Sunday, January 18, 2009

When I Was a Kid . . .


Two Orlando residents, Nina (Smarr) Myers and P. N. "Newt" Blake, aka Uncle Zeke, remember how it was when they were young. Nina remembers Orlando in the late 1930s and the 1940s. Then Newt Blake/Uncle Zeke, who was in her foster parents' generation, looks back still farther, to the last decades of the 1800s.

by Nina (Smarr) Myers, 2009

My formative years were Clover Fork made, in the Holbert home on upper Clover Fork. My foster parents were Abia and Margaret Etta (Cunningham) Holbert, both of whom were born in the decade following the Civil War, My foster parents were in their sixties when I first came to their home in 1935, and in most respects, they were brought up with few farm or household conveniences which began appearing later in rural West Virginia after 1900. I often reminisced with my foster parents about the “olden days.” I experienced some of the “olden” days myself since I am now in my mid-80’s. The other day, I was speaking with a cousin in Webster County about the “olden days.” During the conversation, we enjoyed harkening back to the days of yesteryear and I thought I might share some of those memories with the Orlando web page.
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Left: Nina Smarr
Right: Nina's foster parents Abia and Margaret Etta (Cunningham) Holbert


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~ People made their own baskets and furniture.
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~ Shoe soles were made of leather. When a hole was worn in the sole, a temporary patch would be made of cardboard until the shoes could be re-soled.

~ When shirts were worn out, the buttons were also removed so they could be re-used.

~ When men or women wanted to appear “stylish,” shirt sleeves would be turned up at the cuff. A person would be really avant-garde if he or she rolled the sleeves up to the elbow.

Right, above: an egg basket woven by Burt Blake, son of
Right, below: A Prince Albert tobacco can like the ones that women cut and bent into circles to use as hair rollers.

~ All shirts were long-sleeved. Summer shirts would be of lighter weight and winter shirts were usually woolen. There were no short-sleeved shirts.

~ Clothes were changed about once a week and coincided with the weekly baths, which often consisted of a “sponge” bath.

~ Hair curlers were made of strips cut from Prince Albert cans which were rolled and covered with cloth.

~ Hair was curled with heated curling irons and crimpers.

~ Much of the clothing worn was made from feed sacks.

~ There was always cuffs on trousers.

~ All underwear went to the ankles. There was no short underwear. For toilet convenience, “union suits” came about.

~ Men wore suspenders, not belts, which were also called galluses or braces.

~ Women wore garters to hold up their stockings and men wore them to hold up their socks.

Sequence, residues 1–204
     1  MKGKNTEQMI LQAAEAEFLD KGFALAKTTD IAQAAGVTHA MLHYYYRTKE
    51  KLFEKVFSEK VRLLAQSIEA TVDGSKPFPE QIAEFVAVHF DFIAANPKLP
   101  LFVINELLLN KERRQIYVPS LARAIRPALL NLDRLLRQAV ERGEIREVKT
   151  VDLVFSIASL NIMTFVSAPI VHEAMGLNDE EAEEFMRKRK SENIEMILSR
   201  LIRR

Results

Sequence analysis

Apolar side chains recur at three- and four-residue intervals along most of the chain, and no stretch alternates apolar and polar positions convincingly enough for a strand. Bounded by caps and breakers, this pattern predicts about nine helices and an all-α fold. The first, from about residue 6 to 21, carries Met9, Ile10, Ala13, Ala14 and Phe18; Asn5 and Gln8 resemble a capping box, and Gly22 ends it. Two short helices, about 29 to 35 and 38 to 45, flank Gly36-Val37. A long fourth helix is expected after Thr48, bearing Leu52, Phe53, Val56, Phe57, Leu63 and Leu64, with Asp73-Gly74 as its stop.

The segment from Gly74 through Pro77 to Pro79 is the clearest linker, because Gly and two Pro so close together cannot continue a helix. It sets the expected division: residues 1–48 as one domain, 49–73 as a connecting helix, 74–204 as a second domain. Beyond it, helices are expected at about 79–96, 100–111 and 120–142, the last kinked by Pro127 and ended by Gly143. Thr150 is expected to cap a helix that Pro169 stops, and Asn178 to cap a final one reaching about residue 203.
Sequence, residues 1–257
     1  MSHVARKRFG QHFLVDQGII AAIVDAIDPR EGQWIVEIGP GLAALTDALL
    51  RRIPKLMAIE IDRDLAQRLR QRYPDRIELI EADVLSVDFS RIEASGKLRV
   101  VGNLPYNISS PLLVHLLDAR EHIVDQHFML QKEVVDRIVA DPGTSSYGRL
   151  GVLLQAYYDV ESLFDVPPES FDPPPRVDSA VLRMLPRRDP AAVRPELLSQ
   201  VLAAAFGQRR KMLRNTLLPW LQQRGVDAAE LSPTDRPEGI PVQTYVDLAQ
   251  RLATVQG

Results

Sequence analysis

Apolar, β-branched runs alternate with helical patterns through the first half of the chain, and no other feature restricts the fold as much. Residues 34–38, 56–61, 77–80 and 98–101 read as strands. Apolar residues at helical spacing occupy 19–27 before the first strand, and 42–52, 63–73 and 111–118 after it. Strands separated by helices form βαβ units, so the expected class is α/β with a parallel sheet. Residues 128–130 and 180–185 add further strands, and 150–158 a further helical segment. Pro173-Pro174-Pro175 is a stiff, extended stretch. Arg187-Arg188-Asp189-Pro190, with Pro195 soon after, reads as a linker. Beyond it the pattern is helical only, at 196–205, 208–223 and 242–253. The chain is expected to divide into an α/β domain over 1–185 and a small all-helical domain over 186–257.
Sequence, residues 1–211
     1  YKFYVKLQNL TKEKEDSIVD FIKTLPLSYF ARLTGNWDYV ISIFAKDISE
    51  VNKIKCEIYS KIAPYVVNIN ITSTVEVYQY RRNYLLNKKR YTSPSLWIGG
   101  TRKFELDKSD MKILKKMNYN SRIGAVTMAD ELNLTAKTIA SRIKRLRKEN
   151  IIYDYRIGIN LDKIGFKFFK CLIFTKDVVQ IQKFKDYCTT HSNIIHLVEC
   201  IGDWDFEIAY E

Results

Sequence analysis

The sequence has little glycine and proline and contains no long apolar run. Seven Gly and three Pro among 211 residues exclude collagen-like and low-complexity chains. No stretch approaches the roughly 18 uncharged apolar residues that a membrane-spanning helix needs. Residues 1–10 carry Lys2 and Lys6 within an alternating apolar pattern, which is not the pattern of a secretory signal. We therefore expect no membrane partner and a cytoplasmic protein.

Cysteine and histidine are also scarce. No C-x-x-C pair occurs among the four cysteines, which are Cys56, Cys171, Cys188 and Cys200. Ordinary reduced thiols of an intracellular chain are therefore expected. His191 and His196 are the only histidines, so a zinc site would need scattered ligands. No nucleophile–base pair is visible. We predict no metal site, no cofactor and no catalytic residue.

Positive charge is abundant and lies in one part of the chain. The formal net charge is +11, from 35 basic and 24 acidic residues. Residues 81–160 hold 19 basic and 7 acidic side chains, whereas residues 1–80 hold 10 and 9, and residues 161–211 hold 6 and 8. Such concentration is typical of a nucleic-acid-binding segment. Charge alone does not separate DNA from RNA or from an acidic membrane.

~ There were no blue jeans, but only overalls.

~ Either the mother or father was the family barber.

~ There was usually a “lay” dentist in the neighborhood who could pull a tooth when needed.

~ Some meals consisted only of cornbread, mush or corncakes and milk.

~ When the cow went “dry” there was no milk until after the calf was born.

~ Meat was rarely on the dinner table, unless it was pork, rabbit, squirrel, or groundhog.

~ Apples and beans were dried and used during the winter time.

~ Families did not use sugar but used molasses or honey instead.

Above, right: dried apples and strings of dried green beans
Below, right: a feather bed in a ticking made of fabric designed for that purpose.

~ Flies would be chased out of the house through open doors with towels so a meal could be eaten without flies bothering the table.

~ Sears Roebuck catalogs were used as toilet paper in the outhouses.
~ Ice would form on the water buckets inside the house overnight during the winter.

~ Straw ticks and feather beds were used on the beds. Early mattresses were made by penitentiary workers.

~ Radios had batteries. Only a few programs, such as the “Lone Ranger” and the news would be listened to in order to preserve the life of the battery.
Click on the picture to the right to pull up a collection of Lone Ranger radio recordings.

~ Pencils were sharpened by pocket knives which preserved the life of the pencil.


* * * * *

By P. N. Blake, writing in his newspaper column as Uncle Zeke, ca. 1930s:

Do You Remember?
~ When the evening meal was composed of mush and milk?

~ When us men folk wore our shirts open up the back?

~ The days of hoop-skirts, sun bonnets, bustles, bangs and hair rats?

~ When a young man felt bigger than Jack Dempsey when he had on a paper collar, a pair of green topped fine boots, a brass watch, and a Japanese silk protruding from the hip pocket of his new homespun pants?
~ When saucers were called sassers?
~ When cucumbers were called cowcumbers?

~ When a garden was called a gyarden?

~ When watermelons were called watermilyuns?

~ When panthers were called painters?

~ When people scoured the woods in search of knots to make knot mauls?

~ When we used boot jacks to pull our boots off?

~ When cartridges were called catridges?

~ When we used to tan groundhog hides for shoestrings?

~ When Dad Heater and Jim Posey wore deer skins moccasins?

~ When people would go ten miles to a revival meeting?

~ When preachers wore stove pipe hats?

~ When just a few folks could afford a clock and cooking stove?

~ When our grandmothers and grandfathers were full of the old time religion?

~ When people wore homeknit wool socks winter and summer?

~ When Tom Conley went to school on Three Lick Run?

~ When grown ups went to church barefooted?

~ When people roasted field squashes in hot embers?

~ When small children were afraid to go to bed after hearing some ghost stories?

~ When people walked five miles to have a law suit?

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